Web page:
We are now ensconced in what seems like the world’s biggest caravan park. It’s about the size of Perth. It’s just fine right now as it is off-season, but I cannot imagine it in August, it would be a seething mass of humanity and its dog. We are just south of Barcelona and quite close to the Mediterranean – we can see it from the bar.

Tomorrow we tackle Barcelona. We might spend a couple of nights in hotel in the city if we can find a cheap one, just so we can eat with the Spanish at midnight – maybe.

Adios (that’s about the limit of my Spanish)


Sunday, November 13, 2011

Sinking to new lows.

Yes it's true, we've been drinking loads of Rose and keep buying cheaper ones to see how little we can pay it before it becomes undrinkable. The other day we drank a bottle that cost 1 euro 80 cents. It was very drinkable, I'm not sure we can find any cheaper than that!

In contrast last night we had dinner in Limoux at the 'Grand Hotel Moderne et Pigeon' (yes - the modern pigeon!) and spent a large amount on very good wine. The local chardonnay is quite stunning as is the red which is odd blend. We had 2001 chardie and 1998 Baron d'Argues. The meal was outstanding. I had scallops with minestrone, L has oysters, followed by wild boar for me and hare for L. Both were just sensational. I had the best mushrooms I've ever eaten.

We spent the night at the hotel as a birthday treat, and I got to soak in a bath.

Chateau de Queribus
Over the last few days we've climbed every castle stair that we could find. These castles were built with defence and fortification as the major feature. How they ever built them and lived in them is beyond our comprehension. The climb up to some of them is quite challenging and certainly good for the gluteus maximus.

The scenery around here is breathtaking (as is some of the driving on these roads). From Chateau Queribus we could see to the mediterranean and across to the snow capped peaks of the Pyrenees. We are virtually in the foothills, so the countryside is dramatic, with deep gorges, soaring peaks and sweeping valleys.


We leave our pretty little camping spot tomorrow and head south. We'll do a few nights of 'free camping' on our way to Barcelona, spending one night in Figues and winging it on the other nights. We should arrive in Barcelona by Thursday, and will spend maybe a week there.

Monday, November 7, 2011

The Hunt for Cathar Castles

Well we finally left our haven in Monfort, after about 4 weeks. Thanks to the very generous hospitality of Alison and David, we were able spend most of October in divine weather among cute mediaeval villages with wonderful markets and great food.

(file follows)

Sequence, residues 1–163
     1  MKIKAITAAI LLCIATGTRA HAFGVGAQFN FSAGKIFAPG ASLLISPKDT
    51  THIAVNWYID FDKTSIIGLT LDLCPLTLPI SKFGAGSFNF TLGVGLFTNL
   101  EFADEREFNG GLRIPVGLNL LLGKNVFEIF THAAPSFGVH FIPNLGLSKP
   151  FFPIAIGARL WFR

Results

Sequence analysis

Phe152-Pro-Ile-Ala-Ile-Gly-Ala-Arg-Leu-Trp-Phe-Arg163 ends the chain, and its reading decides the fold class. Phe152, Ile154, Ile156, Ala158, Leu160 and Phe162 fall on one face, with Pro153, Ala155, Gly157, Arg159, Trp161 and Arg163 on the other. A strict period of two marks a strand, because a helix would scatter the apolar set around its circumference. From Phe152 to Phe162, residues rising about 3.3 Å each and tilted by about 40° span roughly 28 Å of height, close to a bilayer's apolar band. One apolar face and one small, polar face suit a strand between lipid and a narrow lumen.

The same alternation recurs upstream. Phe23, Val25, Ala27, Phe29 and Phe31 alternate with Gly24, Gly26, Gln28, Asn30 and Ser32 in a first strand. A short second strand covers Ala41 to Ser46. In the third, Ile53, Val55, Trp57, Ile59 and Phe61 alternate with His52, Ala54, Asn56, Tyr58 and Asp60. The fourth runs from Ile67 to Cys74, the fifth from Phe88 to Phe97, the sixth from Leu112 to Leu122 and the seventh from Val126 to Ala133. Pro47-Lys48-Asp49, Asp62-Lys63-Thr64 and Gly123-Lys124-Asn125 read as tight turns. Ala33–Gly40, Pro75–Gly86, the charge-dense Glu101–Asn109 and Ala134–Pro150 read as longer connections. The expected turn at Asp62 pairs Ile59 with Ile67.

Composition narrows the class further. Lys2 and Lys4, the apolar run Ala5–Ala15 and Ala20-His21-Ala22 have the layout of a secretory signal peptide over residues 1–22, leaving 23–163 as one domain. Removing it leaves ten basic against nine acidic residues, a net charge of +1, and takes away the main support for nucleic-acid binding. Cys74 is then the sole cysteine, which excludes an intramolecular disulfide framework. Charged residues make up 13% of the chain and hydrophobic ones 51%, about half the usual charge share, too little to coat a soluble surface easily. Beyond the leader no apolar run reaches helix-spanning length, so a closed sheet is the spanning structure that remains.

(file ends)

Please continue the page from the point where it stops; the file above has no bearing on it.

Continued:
We took a week out of that to whizz up to Germany to visit family (Barbara and Stuart) whilst we were still within cooee. Had a lovely stay and managed to stop overnight in Beaune on way home. Of course for us this is a bit like Mecca, only wine is compulsory rather than outlawed. A very lovely bottle of Beaune '92 was consumed and as predicted, it was simply divine, just as it should be. Oh, and the meal was really good too. Obviously we didn't whizz in the truck, one doesn't whizz anywhere in a large yellow truck, rather it's more of a rumbly, jolty, noisy, amble. A hired car did the job for us.

We are now in a very quaint mediaeval spa village Alet-les-Bains south of Carcasonne, with its own ruin (and I don't meant the truck). Once again, we've found a lovely campsite, wedged between the Aude River and the city Ramparts. This area just oozes history, so it's easy to get immersed in it. The castles are dotted all over, most of them have been Cathar havens of protection, and annihilated by the nasty Catholics from the northern France (with the Pope's blessing) about 900 years ago.

This village boasts some miracle water, which I'm going to locate tomorrow. I'm not sure whether drink it or wash in it - maybe both. It might help my hideous head cold if nothing else. As the weather has deteriorated, we have hired a car for the week, so we can zip around dry and warm. The flooding has not affected us, just some rain. We are going to stay here until after Lawrence's birthday on the 13th and then head to Spain and find the sun again.

Carcasonne 'La Cite'
We've taken to playing Backgammon in the evenings in the Mog. Having taught Lawrence how to play, I'm being humiliated by his constant besting of me. I have to admit he's a terrible player, who makes moves that make me cringe and he can't count. "No darling, you've thrown a 6 and a 2, and you moved 7 spaces - try again." It must all be bluff as he beats me 3 times out of 4. How can that be fair??? It's clearly a game of luck rather skill, contrary to popular opinion. Tips anyone???

Saturday, November 5, 2011

Living with Less

When we were planning this trip, Lawrence was commenting that it would be an interesting exercise for us learning to live with less. How do you think we are doing?

We have;
4 x telephones
2 x computers
5 x GPS options ( each of which seems to have an opinion of its own)
2 x i-Pods
2 x Kindles
1 x i-Pad
2 x digital cameras
1 x docking station

Also;
Riedel wine glasses
Crystal Champagne flutes
Small wine cellar
Outdoor furniture
BBQ
Gazebo (with yoga room)
And, a scooter called MoJo.

Mmmm - whats' wrong with this picture??

Kate and MoJo

Mog Makeover

As promised, here is the result of my interior decorating venture. The living area was looking a bit tired and dark, so some sprucing up was required.

My friends and family will know that I can't sew on a button, so this was a big undertaking. We bought the  fabric from IKEA (sorry Julian, more IKEA), and the rest from the hardware store, staple gun, hardboard and paint. Navigating our way around a french hardware store was a challenge in itself. The task of reupholstery wasn't too difficult once I realised that the staple gun wasn't faulty and it was user error - staples in upside-down. Oh dear.

Here are the before and after photos.

Before
After